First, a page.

Sprint has better service and costs less.
We switched because I wanted to buy an iPhone, which I still haven't bought . I wasn't as wise as this writer:
ATPM 14.04 - Bloggable: Shallow Depth of FieldMy friends weren't as forthcoming, but I can personally confirm that in the midwest AT&T drops calls routinely. My phone may show "four bars", but that's just a little AT&T joke. I go from four bars to no carrier in an eye-blink.
...Then, there’s writing about the iPhone. You see, I don’t have one, because I don’t have AT&T service. And until my friends who do aren’t constantly cursing dropped calls, I have no intention of switching carriers and buying an iPhone...
Cost? AT&T costs us about 70% more than Sprint for a similar set of services. I think this huge gap is partly an artifact of our usage patterns (two phones, moderate voice use, frequent calls to Canada, very little roaming on Sprint) but I suspect AT&T would cost most people about 20% more than Sprint.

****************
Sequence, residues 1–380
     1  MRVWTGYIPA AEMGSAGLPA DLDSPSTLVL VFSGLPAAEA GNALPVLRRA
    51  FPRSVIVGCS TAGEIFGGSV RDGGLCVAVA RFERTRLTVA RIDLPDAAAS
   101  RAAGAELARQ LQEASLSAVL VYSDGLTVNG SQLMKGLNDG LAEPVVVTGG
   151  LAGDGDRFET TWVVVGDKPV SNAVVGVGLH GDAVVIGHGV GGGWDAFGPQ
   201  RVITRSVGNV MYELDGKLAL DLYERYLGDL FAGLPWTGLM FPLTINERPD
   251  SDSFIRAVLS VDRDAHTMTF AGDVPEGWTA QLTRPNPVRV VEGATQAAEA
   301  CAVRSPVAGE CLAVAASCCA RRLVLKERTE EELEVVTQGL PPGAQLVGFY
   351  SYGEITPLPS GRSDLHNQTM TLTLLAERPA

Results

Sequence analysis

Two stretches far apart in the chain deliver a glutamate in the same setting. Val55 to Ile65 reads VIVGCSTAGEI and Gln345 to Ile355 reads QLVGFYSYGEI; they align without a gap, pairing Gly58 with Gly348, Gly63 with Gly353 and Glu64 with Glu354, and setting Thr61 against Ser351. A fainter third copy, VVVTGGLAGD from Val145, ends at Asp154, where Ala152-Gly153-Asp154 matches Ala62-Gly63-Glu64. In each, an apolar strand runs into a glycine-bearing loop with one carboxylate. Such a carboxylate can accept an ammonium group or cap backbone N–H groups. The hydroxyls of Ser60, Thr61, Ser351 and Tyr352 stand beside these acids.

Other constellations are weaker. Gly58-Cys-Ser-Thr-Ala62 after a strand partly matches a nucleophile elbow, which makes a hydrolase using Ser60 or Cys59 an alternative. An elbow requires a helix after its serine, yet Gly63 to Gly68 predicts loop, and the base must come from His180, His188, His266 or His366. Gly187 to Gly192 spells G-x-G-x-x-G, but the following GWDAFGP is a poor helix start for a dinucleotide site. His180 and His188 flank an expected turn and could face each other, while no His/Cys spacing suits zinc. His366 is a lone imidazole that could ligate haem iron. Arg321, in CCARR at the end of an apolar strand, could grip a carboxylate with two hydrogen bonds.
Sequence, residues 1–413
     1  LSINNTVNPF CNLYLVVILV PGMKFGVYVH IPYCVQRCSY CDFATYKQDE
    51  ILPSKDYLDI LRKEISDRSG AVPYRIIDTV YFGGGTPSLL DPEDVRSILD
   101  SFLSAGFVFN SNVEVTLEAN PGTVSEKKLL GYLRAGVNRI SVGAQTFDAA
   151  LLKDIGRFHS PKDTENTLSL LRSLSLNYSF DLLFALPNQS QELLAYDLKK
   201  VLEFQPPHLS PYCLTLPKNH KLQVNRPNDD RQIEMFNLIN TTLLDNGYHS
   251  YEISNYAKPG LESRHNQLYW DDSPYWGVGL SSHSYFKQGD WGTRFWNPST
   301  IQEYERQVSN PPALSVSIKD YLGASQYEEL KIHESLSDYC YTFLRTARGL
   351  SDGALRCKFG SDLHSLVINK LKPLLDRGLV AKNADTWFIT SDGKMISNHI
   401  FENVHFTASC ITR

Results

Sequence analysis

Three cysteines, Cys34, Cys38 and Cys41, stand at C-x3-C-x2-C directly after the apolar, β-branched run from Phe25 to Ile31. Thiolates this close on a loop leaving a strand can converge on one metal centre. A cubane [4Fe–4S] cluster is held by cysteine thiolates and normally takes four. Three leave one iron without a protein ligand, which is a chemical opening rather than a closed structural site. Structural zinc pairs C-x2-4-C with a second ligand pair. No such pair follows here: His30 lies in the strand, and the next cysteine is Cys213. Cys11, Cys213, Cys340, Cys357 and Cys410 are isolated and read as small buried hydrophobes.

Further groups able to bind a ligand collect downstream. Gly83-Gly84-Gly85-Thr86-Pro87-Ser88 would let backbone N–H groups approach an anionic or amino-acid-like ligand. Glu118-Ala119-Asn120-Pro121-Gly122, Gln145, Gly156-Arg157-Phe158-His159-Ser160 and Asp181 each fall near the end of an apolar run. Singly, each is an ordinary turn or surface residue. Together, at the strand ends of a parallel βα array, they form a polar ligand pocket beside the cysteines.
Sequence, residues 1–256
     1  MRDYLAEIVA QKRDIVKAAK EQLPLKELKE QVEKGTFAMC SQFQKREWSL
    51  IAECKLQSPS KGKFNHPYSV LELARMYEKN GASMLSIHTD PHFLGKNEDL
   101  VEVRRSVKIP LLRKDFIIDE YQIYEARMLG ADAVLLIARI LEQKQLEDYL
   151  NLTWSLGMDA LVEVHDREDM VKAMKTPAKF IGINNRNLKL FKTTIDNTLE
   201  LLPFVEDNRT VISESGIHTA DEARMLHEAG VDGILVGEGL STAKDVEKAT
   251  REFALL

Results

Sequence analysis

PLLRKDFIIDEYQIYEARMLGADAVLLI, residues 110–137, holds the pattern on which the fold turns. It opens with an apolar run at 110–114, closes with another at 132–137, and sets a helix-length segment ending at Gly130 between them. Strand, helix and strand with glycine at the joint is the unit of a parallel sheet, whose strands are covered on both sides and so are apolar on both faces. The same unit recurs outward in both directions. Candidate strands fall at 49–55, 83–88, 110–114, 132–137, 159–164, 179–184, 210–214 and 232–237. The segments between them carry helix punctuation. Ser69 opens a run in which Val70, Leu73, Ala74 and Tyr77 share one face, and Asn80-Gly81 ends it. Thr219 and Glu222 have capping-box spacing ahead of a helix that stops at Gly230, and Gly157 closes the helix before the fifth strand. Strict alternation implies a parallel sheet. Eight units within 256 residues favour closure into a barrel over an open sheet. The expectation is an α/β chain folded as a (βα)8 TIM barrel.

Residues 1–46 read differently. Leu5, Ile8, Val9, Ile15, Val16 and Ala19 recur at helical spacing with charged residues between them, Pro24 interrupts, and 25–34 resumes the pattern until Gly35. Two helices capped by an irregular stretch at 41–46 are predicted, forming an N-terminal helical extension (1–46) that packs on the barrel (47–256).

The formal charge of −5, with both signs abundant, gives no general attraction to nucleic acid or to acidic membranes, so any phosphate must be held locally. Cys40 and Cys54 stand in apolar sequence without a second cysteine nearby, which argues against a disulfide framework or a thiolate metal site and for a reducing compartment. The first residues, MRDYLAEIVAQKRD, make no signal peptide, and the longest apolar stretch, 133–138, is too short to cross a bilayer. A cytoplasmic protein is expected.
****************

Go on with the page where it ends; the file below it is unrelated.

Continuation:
Contracting trickery? Sprint has a nefarious history of covert contract extensions, but they've been getting better since being sued in Minnesota. AT&T has the rebate scam from Hell.
Sprint wins across the board on voice quality, cost, and contracting. I'm amazed.
The only thing AT&T has is the iPhone, but that's a very big thing. If you aren't going to buy an iPhone immediately, however, don't switch to AT&T.
As a current AT&T customer, I join the world's pleas for a great Google Android phone, and for a future iPhone free of AT&T.
 The timing of the switch was dictated by the impending death of my wife's beloved Samsung i500, I was waiting to see the shape of the SDK before committing to the iPhone. The SDK took so long to be revealed I ran into the pending iPhone 2.0 release!
 The contract lock-ins, switching costs, and the pricing costs all promote bad business practices.